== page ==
Math-Intensive Reports with GNU Emacs and Calc, Part 1

Learning some of the secrets of Emacs and its applications for creating magic with numbers and calculations.
Calc Does Units

Notice that my example kept track of units. It's able to do so because Calc also can perform symbolic algebra (a subject far too large for this small article) and treats the symbol "in" (inches) as an undetermined factor. Special operations are available to convert units. Calc knows about units and their conversion. For example, how many pints does a lake having 11,000 acre-feet of water contain? To find out, I first write out the volume in the given units:

$ WaterVolume := 11000. acre ft $

Now, if I type the expression WaterVolume => and evaluate it, I get this:

$ WaterVolume => 11000. acre ft $

Exactly what I typed in. Next, by putting the cursor over the acre unit, selecting (with j s and <codej m commands) the units expression (11000. acre ft) and invoking u c (units-convert), Calc will ask me what type of unit should be used in the conversion. I respond pt. Then Calc immediately changes the previous expression to this:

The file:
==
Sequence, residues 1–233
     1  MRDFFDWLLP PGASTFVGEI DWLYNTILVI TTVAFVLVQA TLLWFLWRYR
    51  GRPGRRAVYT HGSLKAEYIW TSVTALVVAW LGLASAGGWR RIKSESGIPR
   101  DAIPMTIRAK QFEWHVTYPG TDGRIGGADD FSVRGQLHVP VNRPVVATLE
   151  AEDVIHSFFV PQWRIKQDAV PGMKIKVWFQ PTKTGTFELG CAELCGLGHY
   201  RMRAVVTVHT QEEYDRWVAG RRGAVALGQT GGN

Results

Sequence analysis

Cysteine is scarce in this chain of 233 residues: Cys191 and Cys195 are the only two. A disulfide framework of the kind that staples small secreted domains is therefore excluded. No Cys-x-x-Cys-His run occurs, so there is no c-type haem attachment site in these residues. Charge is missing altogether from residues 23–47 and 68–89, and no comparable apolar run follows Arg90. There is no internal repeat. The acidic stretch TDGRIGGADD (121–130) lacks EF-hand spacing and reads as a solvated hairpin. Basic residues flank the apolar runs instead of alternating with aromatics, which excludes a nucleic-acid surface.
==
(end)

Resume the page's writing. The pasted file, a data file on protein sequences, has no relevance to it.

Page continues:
$ WaterVolume => 28674925714.3 pt $

Obviously, Calc knows how to convert an acre-foot to pints, and doing so is much quicker than describing it.

You don't have to use units at all if you don't want to. If you carefully define all your units up front and use them consistently throughout your report, Calc won't have to do any units munging. But it is useful for converting weird commercial units; it can be handy for converting, say, gas pipeline flow rates in MMSCFD into pounds mass per second.

More examples of Emacs/Calc magic will be presented in Part 2 of this article.



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